Fireworks from Navy Pier

Chicago at night from Navy Pier

My experience in Chicago was memorable. My favorite part was the pizza. We visited Giordano’s on Prudential Plaza several times to eat Calamari and true Chicago style pizza. Magnifico! The atmosphere was friendly. It’s amazing how food can make people so happy. It’s no wonder business meetings and family events incorporate food.

Pizza at Giordano’s

The ride back on Amtrak was no different from the first. A family with teenage children befriended my children and a single toddler who was riding solo with her mother. The teenagers entertained the little ones while the adults took advantage of much-needed rest. The ride back seemed shorter. Go figure.

The drive to Great Falls, MT wasn’t nearly as long as the trip to Chicago. It was unfortunate that we missed Yellowstone, but the drive through Butte, MT on I-15 was gorgeous. Majestic gray stone mountains with picturesque views of Ponderosa and Lodgepole Pines and the Missouri river carving out the landscape below. A 90 foot statue named Lady of the Rockies overlooked Butte as a reminder of hope. It was a sight to behold.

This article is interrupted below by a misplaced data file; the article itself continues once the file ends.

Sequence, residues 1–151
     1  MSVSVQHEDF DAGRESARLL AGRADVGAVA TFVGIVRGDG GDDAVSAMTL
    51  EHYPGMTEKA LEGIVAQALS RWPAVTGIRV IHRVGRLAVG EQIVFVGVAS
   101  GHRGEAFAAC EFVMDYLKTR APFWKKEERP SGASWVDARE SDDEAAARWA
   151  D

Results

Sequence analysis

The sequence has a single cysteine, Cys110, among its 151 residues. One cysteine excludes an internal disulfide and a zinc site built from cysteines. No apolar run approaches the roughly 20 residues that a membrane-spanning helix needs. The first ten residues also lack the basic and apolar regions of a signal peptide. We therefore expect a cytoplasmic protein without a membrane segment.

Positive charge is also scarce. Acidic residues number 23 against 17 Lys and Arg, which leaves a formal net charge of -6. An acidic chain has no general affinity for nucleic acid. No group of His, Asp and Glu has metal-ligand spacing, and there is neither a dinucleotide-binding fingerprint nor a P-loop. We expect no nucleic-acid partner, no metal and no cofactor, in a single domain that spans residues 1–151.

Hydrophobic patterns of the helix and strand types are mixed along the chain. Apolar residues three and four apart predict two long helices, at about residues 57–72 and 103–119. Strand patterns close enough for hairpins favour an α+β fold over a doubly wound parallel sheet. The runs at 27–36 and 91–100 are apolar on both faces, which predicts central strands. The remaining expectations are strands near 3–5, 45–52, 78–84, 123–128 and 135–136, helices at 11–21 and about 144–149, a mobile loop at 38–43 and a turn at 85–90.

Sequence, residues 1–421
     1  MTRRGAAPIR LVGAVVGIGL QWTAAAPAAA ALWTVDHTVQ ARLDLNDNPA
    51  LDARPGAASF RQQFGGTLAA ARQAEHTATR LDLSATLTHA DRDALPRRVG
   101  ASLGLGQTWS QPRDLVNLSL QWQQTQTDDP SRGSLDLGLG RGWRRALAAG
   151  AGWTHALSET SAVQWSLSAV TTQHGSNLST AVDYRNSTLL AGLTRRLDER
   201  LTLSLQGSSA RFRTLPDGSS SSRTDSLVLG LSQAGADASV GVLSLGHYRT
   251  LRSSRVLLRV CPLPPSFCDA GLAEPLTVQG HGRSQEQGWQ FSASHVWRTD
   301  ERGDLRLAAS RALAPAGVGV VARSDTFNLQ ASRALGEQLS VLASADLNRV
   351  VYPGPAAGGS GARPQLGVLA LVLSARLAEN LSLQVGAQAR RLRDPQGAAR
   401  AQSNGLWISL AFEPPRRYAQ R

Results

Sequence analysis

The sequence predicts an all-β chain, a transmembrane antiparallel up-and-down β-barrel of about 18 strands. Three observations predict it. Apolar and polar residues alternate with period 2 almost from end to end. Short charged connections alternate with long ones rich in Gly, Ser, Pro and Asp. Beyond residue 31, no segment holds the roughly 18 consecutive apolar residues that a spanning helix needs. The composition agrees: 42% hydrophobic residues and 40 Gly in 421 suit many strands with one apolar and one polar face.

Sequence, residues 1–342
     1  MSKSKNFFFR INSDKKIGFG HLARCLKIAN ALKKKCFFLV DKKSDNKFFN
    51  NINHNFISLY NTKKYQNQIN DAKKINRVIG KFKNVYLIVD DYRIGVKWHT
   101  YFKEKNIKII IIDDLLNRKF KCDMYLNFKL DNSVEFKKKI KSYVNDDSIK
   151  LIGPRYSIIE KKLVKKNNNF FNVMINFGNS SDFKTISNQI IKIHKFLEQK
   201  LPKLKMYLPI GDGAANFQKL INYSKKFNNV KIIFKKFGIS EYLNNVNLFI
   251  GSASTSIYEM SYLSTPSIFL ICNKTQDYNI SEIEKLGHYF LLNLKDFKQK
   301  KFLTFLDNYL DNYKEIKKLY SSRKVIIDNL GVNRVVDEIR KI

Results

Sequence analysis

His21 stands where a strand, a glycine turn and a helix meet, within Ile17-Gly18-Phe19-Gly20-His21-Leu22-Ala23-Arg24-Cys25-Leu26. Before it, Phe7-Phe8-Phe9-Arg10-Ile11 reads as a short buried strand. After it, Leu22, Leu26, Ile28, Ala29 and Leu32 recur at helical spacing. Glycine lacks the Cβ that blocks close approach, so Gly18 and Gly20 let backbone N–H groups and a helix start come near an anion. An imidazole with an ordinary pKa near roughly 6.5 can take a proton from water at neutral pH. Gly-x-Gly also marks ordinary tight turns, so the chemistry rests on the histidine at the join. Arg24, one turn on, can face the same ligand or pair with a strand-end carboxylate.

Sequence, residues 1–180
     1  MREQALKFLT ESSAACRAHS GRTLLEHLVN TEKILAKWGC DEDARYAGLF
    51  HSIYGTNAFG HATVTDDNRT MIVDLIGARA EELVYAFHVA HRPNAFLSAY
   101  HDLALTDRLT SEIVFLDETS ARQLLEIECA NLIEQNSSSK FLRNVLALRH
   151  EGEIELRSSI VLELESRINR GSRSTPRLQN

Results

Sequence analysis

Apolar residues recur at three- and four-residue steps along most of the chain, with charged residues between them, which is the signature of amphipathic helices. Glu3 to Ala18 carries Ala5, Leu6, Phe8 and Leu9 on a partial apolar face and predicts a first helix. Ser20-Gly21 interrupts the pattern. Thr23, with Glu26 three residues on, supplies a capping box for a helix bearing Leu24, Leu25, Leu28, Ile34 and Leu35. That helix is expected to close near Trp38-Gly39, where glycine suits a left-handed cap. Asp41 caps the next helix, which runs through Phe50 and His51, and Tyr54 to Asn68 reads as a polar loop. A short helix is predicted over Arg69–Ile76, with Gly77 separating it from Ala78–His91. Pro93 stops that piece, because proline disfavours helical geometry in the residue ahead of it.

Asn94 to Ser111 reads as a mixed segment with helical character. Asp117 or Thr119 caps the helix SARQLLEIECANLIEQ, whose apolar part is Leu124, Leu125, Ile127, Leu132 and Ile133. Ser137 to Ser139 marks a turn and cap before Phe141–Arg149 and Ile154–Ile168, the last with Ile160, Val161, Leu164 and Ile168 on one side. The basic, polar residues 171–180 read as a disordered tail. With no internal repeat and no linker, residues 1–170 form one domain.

Great Falls is almost three times the size of my home town in Central Utah, but it maintained a small, home-town feel. It reminded me of Idaho Falls in many respects with its urban landscape and country charm. Great Falls offered a specialty that I hadn’t partaken of before-Huckleberry. One could buy Huckleberry everywhere. I flavored my soft drinks with Huckleberry. I ate Huckleberry jam. Wal-Mart even sold Huckleberry bark candy.

Speaking of Wal-Mart, I met some down-to-earth folks while shopping that I was certain must have been part of a Fundamentalist LDS faith or a branch of Quakerism. It turns out that they were Hutterites. I later discovered that National Geographic Channel filmed a series called, “American Colony: Meet the Hutterites.” They have a fascinating lifestyle. They are certainly mindful of each other.